Ohio State game crucial to season’s trajectory

The NCAA selection committee revealed its top 16 seeds for next month’s tournament on Saturday morning, offering a real-time look at where the top teams in the field would operate if the field began play today.

Indiana, of course, wasn’t included in that group.

But six previous Hoosier opponents were, including three teams — No. 8 Michigan State, No. 12 Marquette and No. 15 Louisville — that IU managed to beat.

It was a reminder that for as bad as 2019 has been to Indiana, the Hoosiers’ postseason resume remains weirdly relevant. And even for a IU team that has lost eight of its past nine games, all is not lost. There’s still a postseason to play for.

Sunday afternoon’s game against Ohio State won’t do much to bolster IU’s resume, but a loss would poison Indiana’s hopes of remaining in the NCAA Tournament conversation. To even be considered for the tournament, you have to win home games. That’s something Indiana has struggled with during its current three-game skid at Simon Skjodt Assembly Hall. You also have to beat comparable competition, a challenge that awaits IU at the end of the weekend.

It’s a crucial game for Indiana, both in terms of its ability to turn its recently-improved play into something meaningful, and for its ability to separate itself from an opposing team enduring a similar experience.

Both the Hoosiers (13-10, 4-8) and Buckeyes (15-7, 5-6) find themselves locked inside the middle of the Big Ten standings and teetering on the NCAA Tournament bubble. While IU found itself stuck inside of a four-week, seven-game losing streak that shook the foundation it built during a 12-2 run through the non-conference season, Ohio State dealt with its own issues.

The Buckeyes started the calendar year with five consecutive losses, eventually dropping six of the first seven games they played in 2019. In a month’s time, Ohio State went from 12-1 to 13-7.

Unforced errors were partly to blame. The Buckeyes make a lot of those, and rank last in the Big Ten with a turnover percentage of 20.9. They’re also a somewhat limited team offensively, at least when looking for consistent contributions from players not named Kaleb Wesson. When the foul-prone Wesson isn’t on the floor, Ohio State relies on making its perimeter shots.

After back-to-back home wins over Rutgers and Penn State — albeit neither of them particularly impressive — Ohio State has found at least a small degree of traction to start February.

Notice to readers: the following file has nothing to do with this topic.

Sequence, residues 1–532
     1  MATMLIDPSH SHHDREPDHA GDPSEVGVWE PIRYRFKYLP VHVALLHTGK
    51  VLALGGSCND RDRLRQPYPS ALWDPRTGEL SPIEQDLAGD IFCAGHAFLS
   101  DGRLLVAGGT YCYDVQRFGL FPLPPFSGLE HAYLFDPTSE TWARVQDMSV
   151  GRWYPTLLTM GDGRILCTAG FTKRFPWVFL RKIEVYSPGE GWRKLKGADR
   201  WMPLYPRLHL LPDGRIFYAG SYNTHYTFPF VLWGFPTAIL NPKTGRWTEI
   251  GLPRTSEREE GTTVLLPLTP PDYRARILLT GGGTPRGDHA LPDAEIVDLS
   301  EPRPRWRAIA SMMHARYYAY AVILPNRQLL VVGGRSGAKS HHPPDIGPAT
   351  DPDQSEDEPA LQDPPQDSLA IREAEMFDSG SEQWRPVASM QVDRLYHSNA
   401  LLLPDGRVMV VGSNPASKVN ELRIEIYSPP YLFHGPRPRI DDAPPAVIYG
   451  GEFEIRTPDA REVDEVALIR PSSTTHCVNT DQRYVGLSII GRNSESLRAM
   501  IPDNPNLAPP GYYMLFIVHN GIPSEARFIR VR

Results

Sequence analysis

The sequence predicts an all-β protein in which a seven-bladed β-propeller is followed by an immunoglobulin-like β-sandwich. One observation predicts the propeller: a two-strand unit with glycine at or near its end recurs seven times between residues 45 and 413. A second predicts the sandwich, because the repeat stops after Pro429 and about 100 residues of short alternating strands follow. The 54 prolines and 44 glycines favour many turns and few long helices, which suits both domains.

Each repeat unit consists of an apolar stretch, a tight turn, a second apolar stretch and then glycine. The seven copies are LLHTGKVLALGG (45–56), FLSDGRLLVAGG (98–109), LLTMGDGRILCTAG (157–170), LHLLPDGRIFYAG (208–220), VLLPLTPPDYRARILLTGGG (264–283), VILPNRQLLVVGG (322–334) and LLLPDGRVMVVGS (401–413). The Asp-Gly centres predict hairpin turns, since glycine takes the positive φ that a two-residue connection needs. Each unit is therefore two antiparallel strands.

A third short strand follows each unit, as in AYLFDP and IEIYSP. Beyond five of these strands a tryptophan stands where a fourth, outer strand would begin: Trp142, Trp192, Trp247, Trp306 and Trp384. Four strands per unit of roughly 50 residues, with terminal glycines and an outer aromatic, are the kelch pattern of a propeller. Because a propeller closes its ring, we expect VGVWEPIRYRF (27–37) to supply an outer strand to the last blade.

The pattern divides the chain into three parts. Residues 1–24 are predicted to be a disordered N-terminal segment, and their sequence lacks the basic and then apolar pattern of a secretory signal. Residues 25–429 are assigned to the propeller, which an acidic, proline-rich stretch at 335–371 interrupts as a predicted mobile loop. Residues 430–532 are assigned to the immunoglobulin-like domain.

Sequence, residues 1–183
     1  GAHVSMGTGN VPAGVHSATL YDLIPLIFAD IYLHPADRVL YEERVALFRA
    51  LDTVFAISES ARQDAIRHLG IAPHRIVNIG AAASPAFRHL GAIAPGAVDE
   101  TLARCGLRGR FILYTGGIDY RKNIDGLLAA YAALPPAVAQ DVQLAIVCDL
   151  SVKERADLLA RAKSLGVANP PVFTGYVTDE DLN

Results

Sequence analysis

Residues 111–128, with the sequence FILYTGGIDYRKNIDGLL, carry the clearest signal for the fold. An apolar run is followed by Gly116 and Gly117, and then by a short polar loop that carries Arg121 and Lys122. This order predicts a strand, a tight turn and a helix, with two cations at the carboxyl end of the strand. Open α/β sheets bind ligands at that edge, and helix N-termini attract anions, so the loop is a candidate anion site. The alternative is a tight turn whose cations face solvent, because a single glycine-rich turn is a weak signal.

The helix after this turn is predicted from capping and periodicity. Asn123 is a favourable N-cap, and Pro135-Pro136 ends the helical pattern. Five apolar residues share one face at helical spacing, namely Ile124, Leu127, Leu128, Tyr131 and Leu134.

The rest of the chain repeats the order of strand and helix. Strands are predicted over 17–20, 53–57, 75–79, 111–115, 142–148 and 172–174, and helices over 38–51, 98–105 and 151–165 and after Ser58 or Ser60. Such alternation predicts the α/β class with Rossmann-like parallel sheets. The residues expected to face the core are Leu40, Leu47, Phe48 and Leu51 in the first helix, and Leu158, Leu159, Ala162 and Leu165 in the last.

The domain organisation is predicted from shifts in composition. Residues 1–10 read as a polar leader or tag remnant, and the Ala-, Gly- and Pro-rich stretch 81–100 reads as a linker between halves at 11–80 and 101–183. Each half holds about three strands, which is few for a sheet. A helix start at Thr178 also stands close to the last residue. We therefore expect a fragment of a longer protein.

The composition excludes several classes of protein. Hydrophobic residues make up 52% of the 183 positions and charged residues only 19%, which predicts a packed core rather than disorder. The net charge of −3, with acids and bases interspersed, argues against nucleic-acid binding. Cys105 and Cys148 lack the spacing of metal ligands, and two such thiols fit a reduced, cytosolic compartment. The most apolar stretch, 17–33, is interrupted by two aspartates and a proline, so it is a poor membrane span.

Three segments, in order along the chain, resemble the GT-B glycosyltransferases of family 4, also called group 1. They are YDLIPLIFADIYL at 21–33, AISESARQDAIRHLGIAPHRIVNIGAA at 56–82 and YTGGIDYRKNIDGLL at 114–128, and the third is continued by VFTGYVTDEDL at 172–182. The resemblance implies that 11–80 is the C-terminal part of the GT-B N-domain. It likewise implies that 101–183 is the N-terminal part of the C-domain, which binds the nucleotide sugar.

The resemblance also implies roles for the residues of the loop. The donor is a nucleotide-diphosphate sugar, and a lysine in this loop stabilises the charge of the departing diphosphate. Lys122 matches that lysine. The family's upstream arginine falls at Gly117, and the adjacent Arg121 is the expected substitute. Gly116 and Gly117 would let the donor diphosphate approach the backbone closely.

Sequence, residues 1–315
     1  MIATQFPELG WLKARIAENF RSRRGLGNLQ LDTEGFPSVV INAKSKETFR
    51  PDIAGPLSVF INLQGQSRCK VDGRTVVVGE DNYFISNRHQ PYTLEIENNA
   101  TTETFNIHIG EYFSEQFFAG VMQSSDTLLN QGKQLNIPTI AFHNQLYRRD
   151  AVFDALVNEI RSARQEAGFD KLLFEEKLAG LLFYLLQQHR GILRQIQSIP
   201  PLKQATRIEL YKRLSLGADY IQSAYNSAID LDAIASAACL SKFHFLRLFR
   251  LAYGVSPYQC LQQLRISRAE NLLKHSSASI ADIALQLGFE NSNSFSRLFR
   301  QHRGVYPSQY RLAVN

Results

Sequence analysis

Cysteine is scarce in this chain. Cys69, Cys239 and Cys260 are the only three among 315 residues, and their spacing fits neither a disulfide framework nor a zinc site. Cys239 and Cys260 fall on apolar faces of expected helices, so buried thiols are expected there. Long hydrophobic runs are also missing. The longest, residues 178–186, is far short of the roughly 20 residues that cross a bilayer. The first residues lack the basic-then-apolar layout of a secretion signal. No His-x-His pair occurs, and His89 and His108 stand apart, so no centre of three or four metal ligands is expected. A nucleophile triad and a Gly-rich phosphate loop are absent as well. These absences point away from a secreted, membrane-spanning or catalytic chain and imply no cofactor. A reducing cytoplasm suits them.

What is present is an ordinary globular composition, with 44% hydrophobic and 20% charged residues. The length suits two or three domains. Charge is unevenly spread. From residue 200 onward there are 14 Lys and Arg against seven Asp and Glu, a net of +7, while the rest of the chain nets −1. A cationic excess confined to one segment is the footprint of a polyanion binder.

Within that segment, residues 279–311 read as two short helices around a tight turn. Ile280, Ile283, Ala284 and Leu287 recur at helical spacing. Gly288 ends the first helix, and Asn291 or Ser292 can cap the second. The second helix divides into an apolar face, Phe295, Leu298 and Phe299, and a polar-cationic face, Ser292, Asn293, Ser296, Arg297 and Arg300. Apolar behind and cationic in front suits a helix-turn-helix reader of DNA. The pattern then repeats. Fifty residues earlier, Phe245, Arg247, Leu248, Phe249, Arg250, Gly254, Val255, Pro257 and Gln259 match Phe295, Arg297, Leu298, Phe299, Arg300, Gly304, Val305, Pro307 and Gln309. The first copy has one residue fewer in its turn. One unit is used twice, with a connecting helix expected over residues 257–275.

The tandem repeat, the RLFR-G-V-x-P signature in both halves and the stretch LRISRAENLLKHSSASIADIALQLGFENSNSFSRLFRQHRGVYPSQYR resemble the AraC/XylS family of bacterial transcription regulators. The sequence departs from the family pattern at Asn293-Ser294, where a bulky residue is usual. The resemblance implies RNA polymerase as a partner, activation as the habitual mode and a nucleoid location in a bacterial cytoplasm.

Indiana is looking for the same.

Although Thursday’s loss to 20th-ranked Iowa was a disappointment, the Hoosiers showed signs of better play.

Energy and toughness, two qualities largely absent late in January, were apparent once again. So, too, was the ball movement IU coach Archie Miller has begged to see all year.

It wasn’t always crisp in the Iowa loss, and the Hawkeyes’ ability to cash in on IU’s early turnovers was a major reason for their victory. But Indiana finished the night with 17 assists on 26 made field goals. That’s progress.

Indiana has now tallied 38 assists across its past two games, matching its total from the previous four games combined. IU has also enhanced its offense in other ways, hitting 17 3-pointers across the past two games, feeding those shots with better inside-out movement.

Sixteen of those 17 3-pointers have come off assists. Of those 16, junior forward De’Ron Davis has been credited with assists on six.

“Our zone offense in the second half, we end up shooting 49 percent for the game,” Miller said after the Iowa loss. “In the first half, I think from three, we were 4-for-12, so in the second half (we were better), obviously. (We were) 7-for-21 in the game with some timely ones. But our offense, to me, you can scrutinize it and you can go through it, and our defense wasn’t able to finish it, finish possessions (Thursday). And we had that on Saturday (at Michigan State).

“We were able to get one-time stops and rebounds and be able to hang in there. (Against Iowa) we fouled, we didn’t come up with the loose ones, the long ones, and they made some big ones and some tough ones, as well, at the end of the clock. Like I said, they are really good, and we’ll take this and we’ve got to get better from it. We’ve a fast turnaround and Ohio State on Sunday, so it’s going to be the same thing.”

For Indiana, the Ohio State matchup is not a must-win game. But it’s darn close — at least if Indiana has designs of making a late-season tournament push and remaining relevant in the postseason conversation.

Winning home games, especially those against comparable opponents, is a requirement if the Hoosiers hope to follow through.

With Ohio State in town, the stakes are clear.

“It’s gonna be a great (game),” Ohio State coach Chris Holtmann said. That environment there is one of the best in our league and we know that. We’re gonna need to play really well.”